“Photoshopping” has become a foul, dirty word in the mouths of the general public (for legitimate reasons), but I love the endless possibilities at my fingertips when choosing to edit a photo. The question is, where does it end?
In Photoshop, we can do one of two things to our photographs: retouch, or edit. Most people only have a problem with the retouching aspect, but the word “Photoshop” has become synonymous with “retouching.” This a a problem because there are a plethora of things that Photoshop can be used for–actually, a large portion of the program is used for graphic design. I shoot in RAW, so what I see in-camera is by no means what I get on the computer. I personally edit my photos to reflect the exposure/contrast that I saw when shooting, and sometimes that requires a bit of retouching to get there.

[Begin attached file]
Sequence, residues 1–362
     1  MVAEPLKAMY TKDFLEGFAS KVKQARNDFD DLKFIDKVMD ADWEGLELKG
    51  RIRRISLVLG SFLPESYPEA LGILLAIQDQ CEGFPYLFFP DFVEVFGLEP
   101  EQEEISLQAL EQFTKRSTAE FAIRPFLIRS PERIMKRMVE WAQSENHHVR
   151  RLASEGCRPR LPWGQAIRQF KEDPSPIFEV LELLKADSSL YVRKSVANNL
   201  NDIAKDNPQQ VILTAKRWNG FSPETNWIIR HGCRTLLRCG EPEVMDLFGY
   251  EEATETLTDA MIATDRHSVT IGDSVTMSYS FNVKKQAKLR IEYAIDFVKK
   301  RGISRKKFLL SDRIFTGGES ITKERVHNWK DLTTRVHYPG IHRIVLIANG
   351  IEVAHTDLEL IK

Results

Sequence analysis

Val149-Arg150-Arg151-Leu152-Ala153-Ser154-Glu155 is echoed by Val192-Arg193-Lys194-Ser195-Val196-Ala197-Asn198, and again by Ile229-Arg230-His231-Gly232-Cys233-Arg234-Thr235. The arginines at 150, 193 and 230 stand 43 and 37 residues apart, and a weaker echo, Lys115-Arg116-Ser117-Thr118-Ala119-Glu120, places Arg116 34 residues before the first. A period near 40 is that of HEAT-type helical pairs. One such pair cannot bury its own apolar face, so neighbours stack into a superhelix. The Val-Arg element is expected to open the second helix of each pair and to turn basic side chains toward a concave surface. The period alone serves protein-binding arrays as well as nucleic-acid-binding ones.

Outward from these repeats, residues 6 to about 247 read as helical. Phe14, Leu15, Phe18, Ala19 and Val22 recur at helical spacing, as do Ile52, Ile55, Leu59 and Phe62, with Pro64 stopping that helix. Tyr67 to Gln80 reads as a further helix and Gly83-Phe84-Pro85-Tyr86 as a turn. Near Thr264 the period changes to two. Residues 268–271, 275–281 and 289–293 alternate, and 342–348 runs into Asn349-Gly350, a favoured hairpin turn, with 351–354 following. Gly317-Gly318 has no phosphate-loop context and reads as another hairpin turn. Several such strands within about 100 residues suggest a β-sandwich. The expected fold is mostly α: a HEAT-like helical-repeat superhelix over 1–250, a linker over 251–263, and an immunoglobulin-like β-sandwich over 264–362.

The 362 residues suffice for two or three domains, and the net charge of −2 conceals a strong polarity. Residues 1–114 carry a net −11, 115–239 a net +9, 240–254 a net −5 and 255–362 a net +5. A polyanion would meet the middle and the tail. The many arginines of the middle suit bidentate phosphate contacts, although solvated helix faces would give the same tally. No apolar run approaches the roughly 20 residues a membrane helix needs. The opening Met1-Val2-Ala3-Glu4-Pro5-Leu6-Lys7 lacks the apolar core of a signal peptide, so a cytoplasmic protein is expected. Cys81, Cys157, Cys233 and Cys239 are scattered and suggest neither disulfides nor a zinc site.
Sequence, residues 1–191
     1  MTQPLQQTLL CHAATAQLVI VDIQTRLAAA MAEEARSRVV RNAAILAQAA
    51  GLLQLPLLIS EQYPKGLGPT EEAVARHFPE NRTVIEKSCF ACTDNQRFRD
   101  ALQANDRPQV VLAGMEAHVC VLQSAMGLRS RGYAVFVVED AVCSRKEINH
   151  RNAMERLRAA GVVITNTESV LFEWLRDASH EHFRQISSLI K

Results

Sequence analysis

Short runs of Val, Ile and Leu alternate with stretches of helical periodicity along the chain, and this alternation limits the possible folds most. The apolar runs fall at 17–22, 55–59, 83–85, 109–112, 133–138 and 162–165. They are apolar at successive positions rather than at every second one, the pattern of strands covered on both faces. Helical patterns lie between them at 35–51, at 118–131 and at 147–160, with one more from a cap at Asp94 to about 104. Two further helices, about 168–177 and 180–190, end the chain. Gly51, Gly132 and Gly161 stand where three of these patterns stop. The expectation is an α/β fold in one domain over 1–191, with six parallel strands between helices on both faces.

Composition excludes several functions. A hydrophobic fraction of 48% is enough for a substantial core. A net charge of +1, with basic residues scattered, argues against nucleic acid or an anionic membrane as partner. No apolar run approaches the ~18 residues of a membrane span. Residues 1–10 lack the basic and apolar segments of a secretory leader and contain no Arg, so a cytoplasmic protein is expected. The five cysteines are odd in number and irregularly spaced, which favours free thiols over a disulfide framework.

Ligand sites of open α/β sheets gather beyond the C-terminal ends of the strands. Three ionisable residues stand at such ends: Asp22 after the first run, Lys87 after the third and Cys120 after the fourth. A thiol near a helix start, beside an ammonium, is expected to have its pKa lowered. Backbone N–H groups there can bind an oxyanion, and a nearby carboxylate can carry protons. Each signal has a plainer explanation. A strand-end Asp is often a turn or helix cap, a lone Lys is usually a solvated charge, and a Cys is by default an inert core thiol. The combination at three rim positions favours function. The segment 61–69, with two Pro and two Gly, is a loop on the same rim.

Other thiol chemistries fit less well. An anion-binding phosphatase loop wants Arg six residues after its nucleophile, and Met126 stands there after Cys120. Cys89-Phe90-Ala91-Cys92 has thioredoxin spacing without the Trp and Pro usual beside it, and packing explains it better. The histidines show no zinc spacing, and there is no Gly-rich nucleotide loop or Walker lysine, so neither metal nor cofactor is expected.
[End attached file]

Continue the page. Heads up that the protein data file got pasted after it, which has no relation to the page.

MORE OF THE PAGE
Moderation is the name of the game. If you have to retouch, do so without disfiguring the original subject. Remove a stray hair, lighten a harsh shadow. This is not to say that I condone the altering of body parts to accommodate society’s standard of beauty: I’m actually highly against this practice. The objective of Photoshop should never be “to make someone skinny”: that’s insulting! We’re fine just the way we are, thank you very much! Retouch and edit to restore, to create, or even to experiment. It’s up to you! Just remember that there is a message attached to whatever you put out in this world: Make sure that it is a message you endorse wholeheartedly!
One of the first photos that I ever shot in RAW and retouched, June 2012